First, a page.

Auto thefts in Los Angeles hit highest count in nearly two decades

Number of stolen vehicles rises for fourth consecutive year, driven in part by ‘Kia challenge’

Illustration of a vehicle being stolen


The number of cars stolen in the city of Los Angeles climbed for the fourth consecutive year in 2023.


Although the 25,825 auto-theft reports is a slim increase from the previous year, it marks a 64% spike over the number of vehicles taken in the pre-pandemic year of 2019.


Bar chart of annual car theft reports in Los Angeles from 2014-2023


The last time the annual total in the city was higher was in 2005, when 28,721 vehicles were reported stolen, according to state Attorney General records.


The year-end increase is notable in part because, during the first half of 2023, thefts were trending in the other direction. According to LAPD Compstat data, on April 1 stolen-vehicle reports were 7.8% below the equivalent period in 2022. On July 1 the year-over-year decline had reached 10.1%.


Things changed in July, and in five of the next six months there were more than 2,300 car thefts, a level that had only been hit three times since 2010, according to publicly available LAPD data. The peak was the 2,431 stolen-vehicle reports in October.


Line chart of monthly car theft reports in the city of Los Angeles


Nationwide problem

Car thefts across the country began soaring after the onset of the pandemic, propelled at first by thieves targeting vehicles that sat on streets for extended periods. Yet even as many people resumed pre-COVID driving habits, the count never fell significantly.


Recently, the trade group National Insurance Crime Bureau reported that nearly 500,000 cars were stolen across the country in the first half of 2023. That marked a 2% increase from the previous year.


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One factor keeping thefts elevated is the “Kia challenge.” First reported in the summer of 2022, this is a social media trend that shows people how to use a USB port to overwhelm the ignition system of many Kia and Hyundai models.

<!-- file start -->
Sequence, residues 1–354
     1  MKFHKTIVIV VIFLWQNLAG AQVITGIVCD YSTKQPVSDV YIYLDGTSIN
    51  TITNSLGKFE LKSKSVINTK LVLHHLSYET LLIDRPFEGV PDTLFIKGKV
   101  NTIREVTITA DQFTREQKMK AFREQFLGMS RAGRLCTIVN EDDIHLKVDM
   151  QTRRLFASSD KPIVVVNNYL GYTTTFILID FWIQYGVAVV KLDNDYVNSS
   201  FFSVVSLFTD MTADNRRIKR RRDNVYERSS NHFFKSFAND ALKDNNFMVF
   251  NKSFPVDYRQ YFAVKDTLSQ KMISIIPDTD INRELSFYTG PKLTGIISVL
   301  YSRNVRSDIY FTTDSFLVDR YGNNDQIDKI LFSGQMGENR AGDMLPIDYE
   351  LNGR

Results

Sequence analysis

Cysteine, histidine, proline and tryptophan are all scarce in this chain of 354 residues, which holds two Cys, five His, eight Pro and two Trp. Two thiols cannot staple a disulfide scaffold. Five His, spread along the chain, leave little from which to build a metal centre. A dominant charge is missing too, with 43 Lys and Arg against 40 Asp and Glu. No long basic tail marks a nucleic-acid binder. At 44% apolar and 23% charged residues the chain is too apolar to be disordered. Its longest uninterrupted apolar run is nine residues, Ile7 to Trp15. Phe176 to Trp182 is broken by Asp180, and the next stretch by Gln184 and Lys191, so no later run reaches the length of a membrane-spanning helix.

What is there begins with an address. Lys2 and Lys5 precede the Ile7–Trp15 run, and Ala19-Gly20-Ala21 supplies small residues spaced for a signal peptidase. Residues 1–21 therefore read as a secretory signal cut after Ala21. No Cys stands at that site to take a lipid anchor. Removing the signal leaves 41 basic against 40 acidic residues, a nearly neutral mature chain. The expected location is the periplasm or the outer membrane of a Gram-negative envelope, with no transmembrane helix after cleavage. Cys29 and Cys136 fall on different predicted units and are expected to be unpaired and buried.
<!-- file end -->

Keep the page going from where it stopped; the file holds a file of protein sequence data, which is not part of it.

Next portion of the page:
During a recent press conference to present year-end crime statistics, LAPD Chief Michel Moore said it remains a factor in the city.


“The increase in those two makes and models is dominating our increase in auto theft,” Moore stated.


He added that in 2019, fewer than 4% of auto thefts in the city were Kias and Hyundais. “In 2023, that percentage has grown to just under 30% of all auto thefts,” he said.


He urged owners of those vehicles to take advantage of software fixes that have been made available to prevent thefts.


Targeting busy communities

For many years a small number of densely populated communities have been the focal points for car thieves. That was the case again last year. There were 1,582 car theft reports in Downtown. That is slightly more than the next two neighborhoods—Westlake and Boyle Heights—combined.


Table of neighborhoods with the most crime theft reports in Los Angeles in 2023


According to police data, more than 20,700 cars, or about 80% of the total, were stolen when parked on the street. Another 3,100 were reported missing from a parking lot.


Despite the high number of thefts, Moore previously stated that the vast majority of stolen vehicles are recovered within a few days, and often are found in the same neighborhood where they were taken. He has said this indicates that in many instances a thief uses a vehicle for transportation, as opposed to stripping it for parts or selling it overseas.


That is borne out in other statistics. According to a report from the California Highway Patrol, of the 198,538 vehicles reported stolen across the state in 2022, 86.7% were recovered.


To prevent car thefts, law enforcement officials urge steps such as parking in a well-lit area, using a steering-wheel lock or other visible deterrent, and being sure not to leave a key fob in the cup holder. 


How we did it: We examined publicly available crime data from the Los Angeles Police Department from Jan. 1, 2010–Dec. 31, 2023. We also examined LAPD Compstat data. Learn more about our data here.


LAPD data only reflects crimes that are reported to the department, not how many crimes actually occurred. In making our calculations, we rely on the data the LAPD makes publicly available. LAPD may update past crime reports with new information, or recategorize past reports. Those revised reports do not always automatically become part of the public database.


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